Yoshihiko Ikawa (left) and Tomoya Fujimoto (right)

    Ikawa 2 - 2 Fujimoto

    Across the hall, Tempered Steel now led the match 2-1, Ishida having come from behind to lead Mihara's Valakut deck.

    Now we got ready for game five, still only half an hour into these semifinals! Fujimoto kept his opening seven, while Ikawa thought for a moment before setting the game in motion. Stirring Wildwood for Fujimoto met Vault Skirge from Ikawa. Fujimoto had Lotus Cobra on turn two, sending Ikawa deep into thought. For the second match running he was in an intricate game five.

    In came the Vault Skirge. Glint Hawk Idol was Ikawa's play. Fujimoto's play was more exciting, using Lotus Cobra to help cast Hero of Bladehold, and then attacking with the Cobra, dropping Ikawa to seventeen. It looked as if Fujimoto was winning this particular episode of 'Who's the Beatdown?'

    Spellskite from Ikawa triggered the Glint Hawk Idol, before he spilled Memnite and Signal Pest onto the table. Fujimoto had the perfect answer in Creeping Corrosion! It wasn't just the perfect answer for the turn, it was the perfect answer for the match, as Ikawa was quick to extend the hand in congratulation.

    Yoshihiko Ikawa 2 - 3 Tomoya Fujimoto

    Meanwhile in game four of the other semifinal, Ryuuichirou Ishida had Signal Pest, Memnite, Inkmoth Nexus, and Steel Overseer, all with two counters on them, facing Primeval Titan, Overgrown Battlement, and Tumble Magnet for Mihara. Two counters became three, and Ishida had a total of three copies of Inkmoth Nexus. Mihara, however, had a second copy of Primeval Titan arriving, and that was enough to force a deciding game five, which would see Ishida on the play with his Tempered Steel deck.

    Mihara 2 - 2 Ishida


    Ryuuichirou Ishida

    The first battle of the last battle was won by Ishida when he kept his opening seven and Mihara mulliganed. He kept six, and we were away, with turn one Vault Skirge and a Mox Opal for Ishida. Mihara laid Evolving Wilds. Turn two, and Ishida attacked, and dropped Shrine of Loyal Legions and a Signal Pest. He also had Contested War Zone in play, which might well be a factor. Evolving Wilds became a Mountain, and a turn two Forest led to his customary acceleration via Rampant Growth. How he must have wished for a Pyroclasm instead...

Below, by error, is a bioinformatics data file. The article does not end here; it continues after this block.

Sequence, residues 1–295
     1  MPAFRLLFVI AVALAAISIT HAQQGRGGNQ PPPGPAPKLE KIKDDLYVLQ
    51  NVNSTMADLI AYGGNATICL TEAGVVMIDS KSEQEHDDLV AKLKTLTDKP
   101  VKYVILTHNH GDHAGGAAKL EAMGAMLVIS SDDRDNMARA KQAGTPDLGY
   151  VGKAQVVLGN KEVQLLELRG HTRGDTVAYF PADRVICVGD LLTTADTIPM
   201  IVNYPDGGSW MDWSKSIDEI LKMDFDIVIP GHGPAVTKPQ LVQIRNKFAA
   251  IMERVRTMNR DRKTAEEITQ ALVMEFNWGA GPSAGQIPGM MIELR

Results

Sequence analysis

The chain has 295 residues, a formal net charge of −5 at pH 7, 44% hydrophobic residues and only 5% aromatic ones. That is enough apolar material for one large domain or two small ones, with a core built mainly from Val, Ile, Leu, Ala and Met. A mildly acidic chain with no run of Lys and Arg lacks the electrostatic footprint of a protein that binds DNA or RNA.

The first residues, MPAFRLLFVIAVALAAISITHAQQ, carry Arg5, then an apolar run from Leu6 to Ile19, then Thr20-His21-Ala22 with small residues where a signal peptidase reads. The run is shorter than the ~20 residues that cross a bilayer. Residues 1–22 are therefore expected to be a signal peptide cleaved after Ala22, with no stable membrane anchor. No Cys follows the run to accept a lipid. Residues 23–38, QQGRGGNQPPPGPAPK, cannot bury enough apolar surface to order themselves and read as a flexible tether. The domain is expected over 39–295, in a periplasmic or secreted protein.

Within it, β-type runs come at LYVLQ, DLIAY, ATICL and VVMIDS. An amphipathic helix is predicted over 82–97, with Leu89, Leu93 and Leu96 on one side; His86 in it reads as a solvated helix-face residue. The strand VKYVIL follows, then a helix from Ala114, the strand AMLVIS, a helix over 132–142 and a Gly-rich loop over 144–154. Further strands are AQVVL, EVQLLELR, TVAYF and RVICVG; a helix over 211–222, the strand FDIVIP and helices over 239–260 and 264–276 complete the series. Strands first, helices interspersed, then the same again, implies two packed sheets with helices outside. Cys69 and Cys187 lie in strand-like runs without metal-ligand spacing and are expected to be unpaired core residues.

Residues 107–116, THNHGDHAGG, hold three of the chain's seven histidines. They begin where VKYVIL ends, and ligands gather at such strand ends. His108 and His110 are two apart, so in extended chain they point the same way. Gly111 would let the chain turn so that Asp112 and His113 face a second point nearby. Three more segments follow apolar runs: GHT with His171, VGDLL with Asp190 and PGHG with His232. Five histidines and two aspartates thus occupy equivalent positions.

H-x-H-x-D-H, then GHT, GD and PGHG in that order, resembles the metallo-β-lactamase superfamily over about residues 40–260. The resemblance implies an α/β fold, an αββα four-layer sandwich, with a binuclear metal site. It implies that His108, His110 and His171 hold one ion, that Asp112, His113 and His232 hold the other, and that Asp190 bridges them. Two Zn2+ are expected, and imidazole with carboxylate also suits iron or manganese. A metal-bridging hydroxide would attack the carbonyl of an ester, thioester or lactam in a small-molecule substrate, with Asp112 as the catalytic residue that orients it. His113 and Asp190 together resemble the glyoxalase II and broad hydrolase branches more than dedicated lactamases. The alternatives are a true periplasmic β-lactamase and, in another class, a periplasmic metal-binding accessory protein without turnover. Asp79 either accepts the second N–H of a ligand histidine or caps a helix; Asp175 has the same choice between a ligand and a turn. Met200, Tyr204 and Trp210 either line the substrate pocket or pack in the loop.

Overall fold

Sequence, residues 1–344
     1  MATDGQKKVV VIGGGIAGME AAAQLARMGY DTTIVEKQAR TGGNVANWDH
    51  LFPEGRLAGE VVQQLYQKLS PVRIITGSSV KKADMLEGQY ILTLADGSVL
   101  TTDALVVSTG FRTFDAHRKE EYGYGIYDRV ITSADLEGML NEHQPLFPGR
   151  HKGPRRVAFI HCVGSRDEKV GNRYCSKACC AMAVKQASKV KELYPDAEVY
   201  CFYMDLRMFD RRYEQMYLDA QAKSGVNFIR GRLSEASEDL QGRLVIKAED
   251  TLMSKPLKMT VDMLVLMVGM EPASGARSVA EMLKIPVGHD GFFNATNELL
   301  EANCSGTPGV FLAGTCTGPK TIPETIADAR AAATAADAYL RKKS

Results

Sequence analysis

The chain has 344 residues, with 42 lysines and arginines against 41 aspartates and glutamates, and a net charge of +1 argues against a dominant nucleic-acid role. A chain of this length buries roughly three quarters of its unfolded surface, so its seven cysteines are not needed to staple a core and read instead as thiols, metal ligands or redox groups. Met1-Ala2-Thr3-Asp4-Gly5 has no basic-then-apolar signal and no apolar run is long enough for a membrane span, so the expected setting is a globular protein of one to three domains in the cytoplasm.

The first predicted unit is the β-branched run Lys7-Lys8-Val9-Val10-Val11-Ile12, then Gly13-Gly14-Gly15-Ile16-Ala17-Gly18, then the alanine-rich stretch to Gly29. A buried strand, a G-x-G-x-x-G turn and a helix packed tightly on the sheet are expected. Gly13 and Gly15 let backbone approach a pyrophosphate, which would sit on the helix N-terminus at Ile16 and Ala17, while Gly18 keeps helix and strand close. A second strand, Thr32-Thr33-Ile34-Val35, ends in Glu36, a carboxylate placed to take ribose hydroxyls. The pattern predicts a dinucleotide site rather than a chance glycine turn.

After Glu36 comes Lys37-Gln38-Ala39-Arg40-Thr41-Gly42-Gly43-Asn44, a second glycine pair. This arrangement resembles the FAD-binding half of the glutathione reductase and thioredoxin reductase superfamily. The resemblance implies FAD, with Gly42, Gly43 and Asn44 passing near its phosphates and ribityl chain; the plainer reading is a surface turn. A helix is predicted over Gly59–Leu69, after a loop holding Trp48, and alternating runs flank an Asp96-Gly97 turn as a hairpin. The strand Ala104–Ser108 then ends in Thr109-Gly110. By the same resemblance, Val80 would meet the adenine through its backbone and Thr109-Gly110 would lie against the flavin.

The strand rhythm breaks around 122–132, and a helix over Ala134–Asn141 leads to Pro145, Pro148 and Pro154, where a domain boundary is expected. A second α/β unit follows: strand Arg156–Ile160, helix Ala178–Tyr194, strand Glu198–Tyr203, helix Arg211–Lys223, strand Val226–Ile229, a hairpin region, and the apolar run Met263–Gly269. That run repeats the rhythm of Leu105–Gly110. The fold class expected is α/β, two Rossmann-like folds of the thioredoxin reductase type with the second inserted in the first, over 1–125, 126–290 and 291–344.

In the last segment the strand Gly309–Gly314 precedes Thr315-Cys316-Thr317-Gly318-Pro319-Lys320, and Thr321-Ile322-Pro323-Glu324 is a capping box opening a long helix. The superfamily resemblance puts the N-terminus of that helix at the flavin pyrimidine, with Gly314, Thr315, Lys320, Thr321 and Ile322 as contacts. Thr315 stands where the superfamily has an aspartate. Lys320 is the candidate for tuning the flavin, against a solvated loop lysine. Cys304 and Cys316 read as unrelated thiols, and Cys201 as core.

The first counter went on Ishida's Shrine of Loyal Legions. He sent his Signal Pest and Vault Skirge on the attack, dealing two damage.

    Porcelain Legionnaire joined the team, putting a second counter on the Shrine. Land four for Mihara, and that was enough for both Rampant Growth and Overgrown Battlement. The pressure was intense, and Mihara was clearly feeling it.


    Makihito Mihara

    Ishida added a third counter to his Shrine, and Mihara elected not to block when Ishida sent in the team. Knowing that Mihara had to deal with what was on board, Ishida kept his three cards in hand back for a potential second wave - or third, given that the legions were on the way. Mihara, though, had kept his Overgrown Battlement safe for a reason. He cast a second Overgrown Battlement, tapped the first for two mana, taking him to five and casting Green Sun's Zenith for Oracle of Mul Daya. The top card of his deck was Cultivate, but Mihara had a Terramorphic Expanse ready to spin the wheel on the top of his deck.

    Now the top was revealed as a Primeval Titan, causing a sharp intake of breath from the large crowd.

    Ishida started doing the math, and made three tokens with his Shrine at end of turn. He untapped with a mighty army ready to rumble, and sent them in, activating the Contested War Zone. Mihara fell to just one life. He drew, but had no answer, and an ecstatic Ryuuichirou Ishida raised his hands aloft in triumph. He was through to a championship matchup against Tomoya Fujimoto, while Mihara would take on Yoshihiko Ikawa for the final slot on the National team.

    Makihito Mihara 2 - 3 Ryuuichirou Ishida


     

  • Battle of Champions – Masaya Kitayama vs. Katsuhiro Mori

    by Rich Hagon
  • After four rounds of Super Sealed action, eleven former champions have been whittled down to two. First, the 2007 Champion Masaya Kitayama. Twice a finalist at Grand Prix, and with four Pro Tour top 32s to his name, he is clearly no slouch. Nonetheless, he comes into the final here as the underdog, since he faces Katsuhiro Mori.

    Mori has multiple Grand Prix titles, a World Champion trophy from 2005, and three successive Worlds top 8 performances. He's also - for another couple of hours - the reigning National Champion.